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Beware of Passive Aggression

No response is a response.  No update is an update.  Even non-engagement is a form of engagement.  Depending on the context, such behaviors may or may not mean anything.  However such can be enough to create an atmosphere of negativity in any relationship.  What can make matters worse is if the attacked party doesn’t want to call-out such misbehavior for fear of creating an awkward situation and what-not – the resulting tension that builds up from within will simmer the person in his own juices.

Aggression, even if passive, is still aggression.  It’s actively in use by a lot of people in the normal course of daily life (intentionally or otherwise), as an offensive approach against another party.  It’s a deceptive way of oppression by its very subtle nature.

What is Passive Aggressive Behavior?

Passive aggressive behavior takes many forms but can generally be described as a non-verbal aggression that manifests in negative behavior. It is where you are angry with someone but do not or cannot tell them. Instead of communicating honestly when you feel upset, annoyed, irritated or disappointed you may instead bottle the feelings up, shut off verbally, give angry looks, make obvious changes in behavior, be obstructive, sulky or put up a stone wall. It may also involve indirectly resisting requests from others by evading or creating confusion around the issue. Not going along with things. It can either be covert (concealed and hidden) or overt (blatant and obvious).

Passive aggression is a destructive pattern of behavior that can be seen as a form of emotional abuse in relationships that bites away at trust between people. It is a creation of negative energy in the ether which is clear to those involved and can create immense hurt and pain to all parties.

There are many ways that can be considered passive aggressive forms of attacks that can come up on any normal day.  To name but a few examples:

1.  You can practice selective self-censoring to withhold information.  This has the effect of shutting out certain people from your life, isolating them in a way.

2. Rather than engaging with people in a healthy debate in social media or via other venues, you shout over them literally or figuratively, or if in social media, you outright just delete their comments.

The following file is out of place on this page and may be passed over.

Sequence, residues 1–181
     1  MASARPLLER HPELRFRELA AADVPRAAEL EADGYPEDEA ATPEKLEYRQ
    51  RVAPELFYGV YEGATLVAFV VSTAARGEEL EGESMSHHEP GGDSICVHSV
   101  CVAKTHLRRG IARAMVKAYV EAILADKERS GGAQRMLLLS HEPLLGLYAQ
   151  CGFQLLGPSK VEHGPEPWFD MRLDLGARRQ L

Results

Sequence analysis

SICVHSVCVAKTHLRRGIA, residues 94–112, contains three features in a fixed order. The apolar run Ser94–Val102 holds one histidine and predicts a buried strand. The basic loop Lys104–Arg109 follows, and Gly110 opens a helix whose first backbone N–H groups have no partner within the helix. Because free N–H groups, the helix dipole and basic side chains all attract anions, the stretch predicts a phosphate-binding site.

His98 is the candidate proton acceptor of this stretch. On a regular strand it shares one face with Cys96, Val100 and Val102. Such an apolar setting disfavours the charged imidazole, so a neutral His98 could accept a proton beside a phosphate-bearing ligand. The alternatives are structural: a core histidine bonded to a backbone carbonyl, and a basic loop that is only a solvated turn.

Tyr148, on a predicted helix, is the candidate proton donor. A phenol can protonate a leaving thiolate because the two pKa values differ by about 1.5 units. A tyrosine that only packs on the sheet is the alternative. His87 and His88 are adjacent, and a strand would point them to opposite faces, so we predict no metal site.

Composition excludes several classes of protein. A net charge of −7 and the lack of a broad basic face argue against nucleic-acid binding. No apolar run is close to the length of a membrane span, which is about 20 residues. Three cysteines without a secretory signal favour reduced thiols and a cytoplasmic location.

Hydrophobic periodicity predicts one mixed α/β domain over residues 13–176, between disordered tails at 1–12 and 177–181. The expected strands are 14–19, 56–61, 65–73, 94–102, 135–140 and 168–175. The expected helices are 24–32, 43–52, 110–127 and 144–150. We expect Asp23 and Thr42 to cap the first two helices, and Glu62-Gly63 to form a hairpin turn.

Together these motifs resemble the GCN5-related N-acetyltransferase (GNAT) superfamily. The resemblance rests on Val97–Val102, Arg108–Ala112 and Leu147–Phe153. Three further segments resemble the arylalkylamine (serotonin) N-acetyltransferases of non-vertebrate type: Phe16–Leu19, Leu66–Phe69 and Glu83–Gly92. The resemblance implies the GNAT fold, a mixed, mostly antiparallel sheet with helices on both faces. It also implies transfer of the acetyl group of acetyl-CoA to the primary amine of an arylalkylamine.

3. You exclude certain people from work or social events “by accident.”  Either that or you intentionally don’t show up to events organized by someone you don’t like.

4. You talk over someone, pretending they don’t exist, or you interrupt them mid-sentence while they’re still speaking.

5. You let them speak their mind to learn information that can be used against them in the future or at the very least so that you can silently judge them for something.

6. You downplay the other person’s concerns, basically refusing to accept that what he feels about a certain matter is important.  This can be done by stating a concern that might be objectively more important than the other person’s concern.  Such doesn’t make what the other person feels any less valid, but you present it to the person that way anyway.

7. You use a person’s emotions against him – make him react.  Emotional blackmail such as making him feel guilty about something is one way.  If you know the person is sensitive about a particular matter, then bring it up to “trigger” him; he might say or do something stupid as a result.

There are many more ways of inflicting passive aggression.  And speaking for myself, I know I’m actually guilty of practicing a few of those ways.

I can think of only a few counter-measures to combat such attacks, though one’s success can vary, and such are oftentimes easier said than done.

1. Stop caring at all.  Sometimes ignoring such passive aggressive behavior is the best and only thing you can do.  Give in to such an attack and your attacker will know to continue using it against you.

Be aware, however, that not caring can only go so far.  Remember that we’re all still human; at some point the passive aggression will eventually catch-up and still screw with your mind.  You might not care now, but in the long run such can only go so far.  A sustained assault of aggressive passivity will eventually create an environment that’s toxic enough to poison your mind and break you.

2. You don’t have to put up with this – call the person out.  Confront the abusive behavior with evidence and force the attacker to explain himself.  And if necessary, use the court of public opinion as the stage to expose your attacker – let’s just be honest that people love to judge, so you might as well use that very human nature to your advantage.  (Yes, this is in a way manipulative in nature.  But the point is to use whatever is at your disposal to fight back.)  Karma is a bitch, so if needed then apply the same treatment to the person – if absolutely necessary, do what you need to do.

At the end of the day, I think the best that you can hope for is to be aware if someone is assaulting you this way.  If you can avoid the person altogether then that’s the best.  But if there’s no way you can avoid any interaction, then at least watch out and be sensitive (paranoid?) to what he says and does to you and react accordingly.

 

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